(This story was updated with comment from the Physician Insurers Association of America on Thursday, Jan. 28, 2016.)
A relatively small number of doctors are responsible for a disproportionate percentage of paid malpractice claims, according to a study published Wednesday in the New England Journal of Medicine.
Doctors in certain specialties—including neurosurgery, orthopedic surgery, plastic surgery, obstetrician-gynecologists and general surgery—are also more likely to have more than one paid malpractice claim, according to the study.
“What we show is physicians who have multiple claims are an issue,” said lead author David Studdert, a professor of law and professor of medicine at Stanford University. The study suggests the concentration of these claims among certain types of physicians may be a bigger issue than previously thought, he said.
“We don't show it's possible to predict who those people are going to be, but we do take a step in that direction by identifying some distinctive characteristics of these practitioners,” Studdert said.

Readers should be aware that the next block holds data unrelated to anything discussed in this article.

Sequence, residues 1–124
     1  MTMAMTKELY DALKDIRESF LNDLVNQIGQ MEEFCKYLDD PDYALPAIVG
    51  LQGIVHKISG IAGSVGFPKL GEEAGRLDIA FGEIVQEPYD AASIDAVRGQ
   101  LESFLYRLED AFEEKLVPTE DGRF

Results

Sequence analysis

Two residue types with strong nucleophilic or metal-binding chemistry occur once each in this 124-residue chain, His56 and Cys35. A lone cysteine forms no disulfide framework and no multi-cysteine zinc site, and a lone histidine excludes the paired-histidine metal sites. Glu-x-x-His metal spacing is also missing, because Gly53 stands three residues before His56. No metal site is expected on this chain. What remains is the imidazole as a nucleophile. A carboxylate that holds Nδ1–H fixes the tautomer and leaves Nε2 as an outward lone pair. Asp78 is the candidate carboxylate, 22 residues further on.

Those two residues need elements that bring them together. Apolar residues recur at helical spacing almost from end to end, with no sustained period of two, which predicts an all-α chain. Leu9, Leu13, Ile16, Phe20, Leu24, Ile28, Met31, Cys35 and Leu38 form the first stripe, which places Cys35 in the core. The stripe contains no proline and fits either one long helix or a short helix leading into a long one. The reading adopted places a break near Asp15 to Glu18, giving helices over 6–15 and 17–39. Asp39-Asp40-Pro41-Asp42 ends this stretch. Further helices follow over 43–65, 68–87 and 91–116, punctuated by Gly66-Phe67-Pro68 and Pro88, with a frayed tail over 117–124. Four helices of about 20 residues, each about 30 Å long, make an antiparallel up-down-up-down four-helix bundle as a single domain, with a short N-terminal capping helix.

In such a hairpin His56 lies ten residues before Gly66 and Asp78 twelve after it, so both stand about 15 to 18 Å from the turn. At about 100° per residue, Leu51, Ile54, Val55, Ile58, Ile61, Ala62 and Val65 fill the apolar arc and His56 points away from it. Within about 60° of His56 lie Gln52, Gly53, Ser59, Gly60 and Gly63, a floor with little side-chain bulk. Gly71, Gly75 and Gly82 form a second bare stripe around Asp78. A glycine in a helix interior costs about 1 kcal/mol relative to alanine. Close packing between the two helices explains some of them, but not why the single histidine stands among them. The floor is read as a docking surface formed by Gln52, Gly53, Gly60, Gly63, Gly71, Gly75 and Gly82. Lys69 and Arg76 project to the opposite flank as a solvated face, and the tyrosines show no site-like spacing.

The study concludes that reliable prediction would help liability insurers and healthcare organizations "use the information constructively, by collaborating on interventions to address risks posed by claim-prone physicians (e.g. peer counseling, training, and supervision).”
About 1% of all doctors accounted for 32% of paid claims between 2005 and 2014, according to the study. Among physicians with paid claims, 84% had only one during that time; 16% had at least two paid claims; and 4% had at least three.
Physicians with two paid claims had almost twice the risk of having another one as compared with doctors with one previous paid claim. Doctors with three paid claims had three times the risk of recurrence as compared with those with one claim.